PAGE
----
Why feedback hurts, sometimes

Guest blog by: Nicolas J. Pillon, Department of Physiology and Pharmacology, Karolinska Institutet, Stockholm, Sweden

You are discussing a project with a whole group of people. Everything goes well until your supervisor says something like “you are so negative” or “this is not good, fix it today”. It hits you hard. It might sound like a minor comment but still triggers something. Your emotions take over and you switch to your self-defense stonewalling mode. You become deaf to other comments until the end of what has become a useless meeting.

What went wrong with this feedback? Did you feel criticized for who you are? Maybe it’s the language that sounded harsh, or the comment was irrelevant. Possibly the feedback came too late in the process, giving you too little time to improve. All these points matter in feedback and there are methods to prevent them!

Feedback is education

First, let’s think a little bit about what feedback really is. The easiest way to understand feedback is to look at children. From very young age, toddlers spontaneously learn to adjust to the reaction of persons around them, such as a kid who would repeat again and again something that makes people applaud. Imagine also 4 years old kids playing a board game – the only way they can learn the rules is through feedback from adults. Without guidance, toddlers perseverate in errors1. Later in their development, kids learn how to process feedback given through more complex language interactions. An interesting observation is that different types of feedback promote different functions in language acquisition2, suggesting that choosing the right type of feedback matters for learning objectives from a very young age. The role of caregivers is paramount in giving both positive and negative feedback for children to learn and develop, and most adults do that naturally.

If we are so spontaneously good at giving feedback to children, why is it so difficult to give and receive feedback in adult-adult interactions? I decided to dive into the subject and explore different aspects of feedback in the context of teaching and supervision. I identified four points that everyone should be aware of, whether as a colleague, student or supervisor.

  • Feedback is emotional. People may perceive negative feedback as a direct critic of who they are, and feedback focused on mistakes hurts egos3. Poor feedback also negatively impacts confidence, especially when people feel that they are not able to perform the required tasks. In fact, people who do not achieve their own expectations are more likely to experience difficult emotions4. Supervisors are not exempt from emotions either. The fear of being perceived as incompetent by supervisees can generate stress, so does the will to “do a good job” in not hurting feelings and promoting motivation. Frustration can also occur when people seemingly fail to adjust to feedback5. Supervisors often try to actively regulate their emotions to promote positive emotions (happiness, affection) and reduce negative emotions (anger, frustration) but the efficacy of such method is limited5. Overall, the bidirectional communication during feedback generates unbalanced emotions that should be acknowledged and discussed to promote self-confidence and motivation6,7 and reduce stress and frustration.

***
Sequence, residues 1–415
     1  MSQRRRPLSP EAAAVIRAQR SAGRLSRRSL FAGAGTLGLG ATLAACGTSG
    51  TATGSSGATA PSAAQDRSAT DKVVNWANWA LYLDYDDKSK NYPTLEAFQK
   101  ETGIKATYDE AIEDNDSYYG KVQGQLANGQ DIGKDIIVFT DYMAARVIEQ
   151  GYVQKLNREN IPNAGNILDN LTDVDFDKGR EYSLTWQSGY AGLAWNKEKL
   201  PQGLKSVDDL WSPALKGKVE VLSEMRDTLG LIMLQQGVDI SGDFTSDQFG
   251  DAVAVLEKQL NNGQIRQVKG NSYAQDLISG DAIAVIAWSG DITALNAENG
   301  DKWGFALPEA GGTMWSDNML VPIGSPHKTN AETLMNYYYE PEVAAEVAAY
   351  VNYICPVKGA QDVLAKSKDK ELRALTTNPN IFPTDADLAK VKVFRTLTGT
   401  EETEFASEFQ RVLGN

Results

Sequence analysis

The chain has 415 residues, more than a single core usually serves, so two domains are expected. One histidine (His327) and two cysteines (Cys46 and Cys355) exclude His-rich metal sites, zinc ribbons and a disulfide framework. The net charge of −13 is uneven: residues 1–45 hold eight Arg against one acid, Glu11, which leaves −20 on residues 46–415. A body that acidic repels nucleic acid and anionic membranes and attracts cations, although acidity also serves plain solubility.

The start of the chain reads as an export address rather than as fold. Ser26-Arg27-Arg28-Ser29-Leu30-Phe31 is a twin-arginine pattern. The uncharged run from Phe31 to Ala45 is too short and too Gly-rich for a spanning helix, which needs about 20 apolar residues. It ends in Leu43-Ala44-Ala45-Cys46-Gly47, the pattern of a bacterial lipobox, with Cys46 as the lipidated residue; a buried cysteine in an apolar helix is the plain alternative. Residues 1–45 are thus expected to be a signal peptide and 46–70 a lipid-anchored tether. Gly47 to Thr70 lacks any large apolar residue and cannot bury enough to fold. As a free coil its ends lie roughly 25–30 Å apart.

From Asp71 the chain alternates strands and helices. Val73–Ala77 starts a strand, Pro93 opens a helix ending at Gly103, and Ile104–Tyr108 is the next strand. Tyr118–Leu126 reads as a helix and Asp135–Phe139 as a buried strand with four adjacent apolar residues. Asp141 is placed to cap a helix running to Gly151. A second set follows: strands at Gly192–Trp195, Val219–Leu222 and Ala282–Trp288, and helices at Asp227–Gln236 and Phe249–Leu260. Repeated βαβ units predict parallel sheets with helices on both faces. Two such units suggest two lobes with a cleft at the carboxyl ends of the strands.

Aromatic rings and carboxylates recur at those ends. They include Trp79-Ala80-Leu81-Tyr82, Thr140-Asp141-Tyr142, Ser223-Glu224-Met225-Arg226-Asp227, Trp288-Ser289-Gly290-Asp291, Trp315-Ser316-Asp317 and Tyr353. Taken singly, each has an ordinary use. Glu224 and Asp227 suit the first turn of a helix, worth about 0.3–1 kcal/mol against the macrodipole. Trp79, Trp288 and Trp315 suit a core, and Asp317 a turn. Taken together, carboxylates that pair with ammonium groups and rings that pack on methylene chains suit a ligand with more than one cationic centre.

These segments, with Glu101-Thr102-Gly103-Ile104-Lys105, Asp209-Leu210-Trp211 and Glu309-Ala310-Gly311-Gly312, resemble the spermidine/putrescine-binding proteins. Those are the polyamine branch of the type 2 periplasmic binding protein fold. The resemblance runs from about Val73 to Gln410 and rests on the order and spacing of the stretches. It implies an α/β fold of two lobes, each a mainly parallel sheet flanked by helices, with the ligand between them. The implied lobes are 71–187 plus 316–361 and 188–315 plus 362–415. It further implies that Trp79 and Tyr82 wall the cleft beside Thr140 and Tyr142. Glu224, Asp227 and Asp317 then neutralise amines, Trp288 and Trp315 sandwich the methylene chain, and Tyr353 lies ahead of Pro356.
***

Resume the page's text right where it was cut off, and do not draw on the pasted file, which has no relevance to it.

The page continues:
• Feedback is subjective and culturally determined. Different levels of experience, cultural background4, personalities8 and language competence9 will affect how individuals give and perceive feedback and feedback validity10. Students’ perception of the supervisors’ attitudes towards mistakes and how the supervisors deals with mistakes play a substantial role on the perception of mistakes as learning opportunities. The more tolerant a supervisor is, the more supervisees see errors as positive and the less likely they are to cover-up mistakes11. In addition, the supervisor/trainee relationship matters; supervisee are more likely to rate feedback as valid if they have a strong relationship with their supervisors10. On the opposite, attachment avoidance behavior is associated with lower validity rating10. Interestingly, international students are more likely to experience negative emotions to feedback, due to different perceptions and sensitivities to supervisor/student relationships and expectations4. This emphasizes how the behavior of the supervisor matters, but also the importance of the supervisee’s subjective perception of the supervisor’s attitude. In internationalized environments, it is important to identify individuals’ needs in a culturally aware manner and put mechanisms in place to sensitively clarify and explain differences in attitudes and behavior in order to limit subjectivity and misunderstandings.
  • Feedback promotes learning, when appropriate. There are 3 “modes” of assessment: teaching, editing and feedback12. The first one focuses on identifying mistakes and the second one checks spelling. It is important to not confound feedback with teaching and editing. Feedback should be a discussion aiming at promoting growth and critical thinking, especially self-assessment. To promote learning, feedback must be appropriate. It should be aligned with teaching objectives13, precise and understandable. Which means that it is crucial to provide enough background and explanation so that the intellectual process is understood, and feedback deemed appropriate. Eventually, feedback should be given with the objective of promoting one’s ability to self-assess and develop as an independent learner14.
  • Feedback is valued, when timely. Most people value feedback to improve competences15, but only if it is perceived as adequate and timely12. One should therefore reflect on what, how but also when to give feedback. Supervisees must be given enough time to reflect and act by adjusting their behavior or correcting their errors. It is crucial that the supervisees are confident in their ability to improve over time, for which supervisors’ positivity and encouragements can make a difference.